Students diagnosed with ADHD can sometimes struggle in a traditional classroom setting. Completing assignments from start to finish, especially on topics that don’t come naturally, can seem impossible for a student with ADHD. This neurological condition can affect a person’s perception of time, making some classes feel like they last an eternity, and others seem to fly by before being able to absorb the material.
Being Seen As “Disruptive”
Often, students with ADHD who also have trouble controlling impulsivity, blurt out their thoughts. Depending on the way the classroom is run, teachers and fellow students can find this disruptive. Help your child understand that his or her thoughts and opinions are important, but that they should show respect to their teacher and classmates by getting in the habit of raising their hand if they have a comment or question.
Trouble Completing Assignments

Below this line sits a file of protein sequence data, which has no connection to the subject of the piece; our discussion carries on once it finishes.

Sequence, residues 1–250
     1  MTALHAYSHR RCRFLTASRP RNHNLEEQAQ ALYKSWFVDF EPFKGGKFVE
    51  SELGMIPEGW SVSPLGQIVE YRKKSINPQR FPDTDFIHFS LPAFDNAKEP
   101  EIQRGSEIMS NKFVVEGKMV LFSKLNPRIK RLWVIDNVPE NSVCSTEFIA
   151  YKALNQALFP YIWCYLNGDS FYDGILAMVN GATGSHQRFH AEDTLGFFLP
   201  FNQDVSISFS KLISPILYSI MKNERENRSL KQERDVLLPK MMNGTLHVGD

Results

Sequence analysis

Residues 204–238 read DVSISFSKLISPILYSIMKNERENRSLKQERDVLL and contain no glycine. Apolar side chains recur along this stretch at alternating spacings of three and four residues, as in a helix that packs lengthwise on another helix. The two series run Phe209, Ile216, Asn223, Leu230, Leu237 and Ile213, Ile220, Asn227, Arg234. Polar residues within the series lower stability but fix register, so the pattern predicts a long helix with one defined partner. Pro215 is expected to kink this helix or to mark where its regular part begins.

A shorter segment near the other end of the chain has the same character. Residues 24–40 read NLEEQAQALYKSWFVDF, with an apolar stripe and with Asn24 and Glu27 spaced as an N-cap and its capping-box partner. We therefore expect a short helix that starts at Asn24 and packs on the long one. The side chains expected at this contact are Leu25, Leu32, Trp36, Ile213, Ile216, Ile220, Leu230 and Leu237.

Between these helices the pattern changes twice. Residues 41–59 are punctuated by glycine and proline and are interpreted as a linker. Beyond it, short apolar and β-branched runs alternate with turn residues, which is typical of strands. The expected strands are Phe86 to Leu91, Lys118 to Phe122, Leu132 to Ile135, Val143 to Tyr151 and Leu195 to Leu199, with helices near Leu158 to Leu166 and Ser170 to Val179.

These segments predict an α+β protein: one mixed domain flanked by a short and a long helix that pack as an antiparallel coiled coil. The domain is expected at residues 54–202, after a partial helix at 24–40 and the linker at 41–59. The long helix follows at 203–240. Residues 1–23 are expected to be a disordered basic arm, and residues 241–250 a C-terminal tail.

One of the symptoms of ADHD is having trouble paying attention. When a student starts an assignment, they can easily get distracted before completing the task. Sometimes, they go down a completely different avenue than what was assigned because they found something else more intellectually stimulating. A strategy to combat this is through sequence activities. This involves breaking up one long assignment into multiple, shorter assignments that, in the end, can be put back together into one assignment. This is something that a student can do themselves in the classroom if they feel overwhelmed by a project.
While parents can’t be there in the classroom with their child, there are ways to be supportive at home. Take note of things your son or daughter brings up about their day. For example, if they frequently mention noticing what’s going on outside the classroom window, maybe a seat change would be helpful.
Read more on ADHD management from Sage Day.